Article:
Editing Best Practices - Building a Taxonomy for Pega Knowledge

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Editing Best Practices - Building a Taxonomy for Pega Knowledge

Description Building Taxonomies for Pega Knowledge Editorial Best Practices
Version as of 8.4
Application Customer Service
Capability/Industry Area Knowledge Management

Best Practices - Building a Taxonomy for Pega Knowledge


Building out a taxonomy for Pega Knowledge is best done collaboratively, leveraging the expertise of the business/contact center and your knowledge team members. The Pega Knowledge taxonomy provides flexibility in how it is created and maintained, supporting a hierarchical structure with top level and child/sub-level categories. To define a taxonomy that best aligns with your business needs, we recommend the following:

Become familiar with out-of-the-box taxonomy and capabilities for Pega Knowledge[edit]

  • Install a Development or sandbox instance of Pega Knowledge
  • Read the Pega Knowledge User Guide
  • Provide access to the business/knowledge team responsible for creating, maintaining and publishing knowledge content, and the taxonomy categories
  • Create a draft taxonomy and experiment to identify the optimal category structure for your business needs now, and as your business evolves

Assess the impact of your legacy knowledge content on the taxonomy[edit]

  • Identify legacy content that needs to be migrated to Pega Knowledge
  • Ensure that the taxonomy structure supports both legacy and new knowledge content – Do not design yourself into a corner. The taxonomy design should be flexible enough to grow with your knowledge base and business

Achieve business alignment on your taxonomy structure[edit]

  • If a current taxonomy structure exists and works well, then implement it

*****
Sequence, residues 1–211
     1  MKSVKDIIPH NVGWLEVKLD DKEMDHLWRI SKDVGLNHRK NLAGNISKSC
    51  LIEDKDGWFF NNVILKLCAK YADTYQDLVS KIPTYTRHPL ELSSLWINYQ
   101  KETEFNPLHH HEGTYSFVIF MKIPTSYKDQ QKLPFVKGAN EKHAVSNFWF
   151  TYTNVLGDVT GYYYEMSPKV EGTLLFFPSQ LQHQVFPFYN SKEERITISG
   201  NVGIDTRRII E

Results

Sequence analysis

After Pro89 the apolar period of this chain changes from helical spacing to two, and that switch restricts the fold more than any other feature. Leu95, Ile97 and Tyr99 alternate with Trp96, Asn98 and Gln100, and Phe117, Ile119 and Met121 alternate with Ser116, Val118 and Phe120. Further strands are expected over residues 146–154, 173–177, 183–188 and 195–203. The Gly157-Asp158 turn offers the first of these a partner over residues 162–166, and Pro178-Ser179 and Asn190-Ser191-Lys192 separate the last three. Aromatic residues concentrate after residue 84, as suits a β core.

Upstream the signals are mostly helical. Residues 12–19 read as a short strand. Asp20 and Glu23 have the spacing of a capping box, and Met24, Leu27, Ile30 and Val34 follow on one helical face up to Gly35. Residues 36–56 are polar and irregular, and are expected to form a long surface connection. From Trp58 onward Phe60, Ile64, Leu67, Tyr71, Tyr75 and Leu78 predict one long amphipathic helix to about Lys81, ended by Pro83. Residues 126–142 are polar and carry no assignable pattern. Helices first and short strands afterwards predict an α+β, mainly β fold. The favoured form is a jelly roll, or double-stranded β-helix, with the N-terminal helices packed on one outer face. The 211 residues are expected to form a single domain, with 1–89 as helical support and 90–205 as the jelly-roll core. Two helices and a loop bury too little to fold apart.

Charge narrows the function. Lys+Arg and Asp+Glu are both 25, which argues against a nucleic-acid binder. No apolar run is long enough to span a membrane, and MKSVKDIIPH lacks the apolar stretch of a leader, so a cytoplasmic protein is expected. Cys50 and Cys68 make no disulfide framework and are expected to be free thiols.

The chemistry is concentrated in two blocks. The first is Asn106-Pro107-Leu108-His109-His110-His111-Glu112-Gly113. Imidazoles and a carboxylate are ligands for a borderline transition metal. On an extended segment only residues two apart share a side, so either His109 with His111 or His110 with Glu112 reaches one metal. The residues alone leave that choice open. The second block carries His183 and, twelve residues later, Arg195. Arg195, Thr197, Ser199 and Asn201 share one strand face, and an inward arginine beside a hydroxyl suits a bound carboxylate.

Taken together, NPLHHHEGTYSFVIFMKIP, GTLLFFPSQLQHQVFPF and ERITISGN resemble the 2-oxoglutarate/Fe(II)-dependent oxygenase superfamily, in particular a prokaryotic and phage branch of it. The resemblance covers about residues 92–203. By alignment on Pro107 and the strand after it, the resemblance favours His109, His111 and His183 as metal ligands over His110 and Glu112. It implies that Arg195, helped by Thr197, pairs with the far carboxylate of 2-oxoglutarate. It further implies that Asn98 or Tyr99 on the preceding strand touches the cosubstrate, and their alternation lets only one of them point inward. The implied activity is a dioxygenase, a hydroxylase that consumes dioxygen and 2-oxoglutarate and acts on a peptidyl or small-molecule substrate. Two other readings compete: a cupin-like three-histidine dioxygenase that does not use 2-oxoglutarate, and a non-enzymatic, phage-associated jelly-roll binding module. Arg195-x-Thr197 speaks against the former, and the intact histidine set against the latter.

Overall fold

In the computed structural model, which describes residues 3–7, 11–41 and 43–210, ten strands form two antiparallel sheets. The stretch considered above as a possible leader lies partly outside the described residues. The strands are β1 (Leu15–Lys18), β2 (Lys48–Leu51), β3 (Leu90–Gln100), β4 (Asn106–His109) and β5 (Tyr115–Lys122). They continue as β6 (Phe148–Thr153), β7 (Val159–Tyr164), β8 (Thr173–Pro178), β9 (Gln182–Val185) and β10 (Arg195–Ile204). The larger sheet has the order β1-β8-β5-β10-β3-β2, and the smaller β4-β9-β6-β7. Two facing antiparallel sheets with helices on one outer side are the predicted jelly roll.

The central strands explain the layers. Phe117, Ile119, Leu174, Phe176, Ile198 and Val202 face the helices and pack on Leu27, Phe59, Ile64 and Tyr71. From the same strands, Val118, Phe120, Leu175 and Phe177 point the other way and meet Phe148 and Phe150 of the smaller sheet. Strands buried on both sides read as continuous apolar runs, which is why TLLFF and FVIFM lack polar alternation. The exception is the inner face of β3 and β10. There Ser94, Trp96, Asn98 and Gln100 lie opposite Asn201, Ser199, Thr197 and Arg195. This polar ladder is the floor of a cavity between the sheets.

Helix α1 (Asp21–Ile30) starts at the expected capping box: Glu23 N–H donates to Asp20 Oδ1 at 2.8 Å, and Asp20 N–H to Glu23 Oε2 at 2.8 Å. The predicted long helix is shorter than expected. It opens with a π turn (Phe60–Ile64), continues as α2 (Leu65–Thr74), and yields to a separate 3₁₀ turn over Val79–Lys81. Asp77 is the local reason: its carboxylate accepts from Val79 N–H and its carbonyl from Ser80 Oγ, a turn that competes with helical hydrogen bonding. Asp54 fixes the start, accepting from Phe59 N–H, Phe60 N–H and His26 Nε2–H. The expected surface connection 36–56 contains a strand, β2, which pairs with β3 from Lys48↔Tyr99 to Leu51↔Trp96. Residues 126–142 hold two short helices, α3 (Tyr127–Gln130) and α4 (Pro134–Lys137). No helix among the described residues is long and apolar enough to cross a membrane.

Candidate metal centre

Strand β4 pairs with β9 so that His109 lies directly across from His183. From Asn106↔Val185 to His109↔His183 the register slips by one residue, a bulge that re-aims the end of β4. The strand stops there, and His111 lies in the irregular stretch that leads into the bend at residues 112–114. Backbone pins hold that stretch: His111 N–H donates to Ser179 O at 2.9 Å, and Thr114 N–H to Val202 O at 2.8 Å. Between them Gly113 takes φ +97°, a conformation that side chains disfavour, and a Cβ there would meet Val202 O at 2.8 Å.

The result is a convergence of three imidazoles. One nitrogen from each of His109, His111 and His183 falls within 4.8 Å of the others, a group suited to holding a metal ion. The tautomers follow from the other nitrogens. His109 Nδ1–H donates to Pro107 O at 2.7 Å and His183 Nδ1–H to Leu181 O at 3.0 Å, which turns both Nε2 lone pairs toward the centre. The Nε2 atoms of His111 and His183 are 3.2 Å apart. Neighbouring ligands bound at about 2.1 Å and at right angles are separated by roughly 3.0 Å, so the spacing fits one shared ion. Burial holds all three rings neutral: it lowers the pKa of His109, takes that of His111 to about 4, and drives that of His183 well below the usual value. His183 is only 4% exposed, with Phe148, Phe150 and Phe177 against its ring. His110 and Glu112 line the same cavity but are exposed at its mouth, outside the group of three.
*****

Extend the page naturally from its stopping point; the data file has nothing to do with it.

• If the current taxonomy is insufficient or does not exist, engage the business team to determine the basis of the taxonomy structure, which could be based on your:

Product or service offerings

Top level category: Product line XYZ

  Sub-category: Product A

Sub-category: Product A Features

  Sub-category: Product B

Sub-category: Product B Features

Organizational structure (for example, banking: Customer Service, Retail Banking, Commercial Banking, Credit/debit card, Loans – home and auto) – See Screenshot #1

Top level category: Customer Service

  Sub-category: Commercial Banking

Sub-category: Retail Banking

        Sub-category: ATM Locations

        Sub-category: Credit/Debit Cards

        Sub-category: Transactions       

Screenshot #1



Top level category: North America

  Sub-category: United States

  Sub-category: Canada

Top level category: EMEA

  Sub-category: Germany

  Sub-category: France

  Sub-category: Italy

Knowledge Content; such as How-To documents, Methods and Procedures, Regulatory documents, Customer/Member only documents and Internal/Proprietary only documents.

Top level category: Methods & Procedures

  Sub-Category: Handling Disputes

  Sub-category: Handling Wire Transfers

Combination of the above or another structure that provides a logical way to classify your articles

Number of taxonomy category sub-levels[edit]

  • Avoid an overly-complex taxonomy design, as it becomes counter-productive from an organization and maintenance perspective
  • Start with two to three sub-category levels, gather feedback from business team, and use it to iterate the design

Naming categories[edit]

  • Use short, concise category descriptions: for example, Methods & Procedures, Customer Service, Sales – Inbound, Sales – Outbound, Q & A, How-To, and Training
  • Do not use sentences
  • Be consistent with either “Title Case” or “Sentence case" - do not mix

Using category images[edit]

  • Category ‘icons’ (50x50 pixel images) can be set for each category and are used in the Tiles layout display in KM Help Sites as a visual indicator for the categories. Display of the icons are a configurable option in the Help Site editor

Setting content visibility/security[edit]

  • When certain articles should only be available or visible to specific groups of end users, you can set content visibility restrictions at the taxonomy category level by specifying a related Access Role on the related category.  All articles linked to that category and any related sub-categories will require users to have that Access Role in order to view those articles
  • For example, you can create a category for manager-only articles, such as topics related to personnel reviews and procedures. - See Screenshot #2

Screenshot #2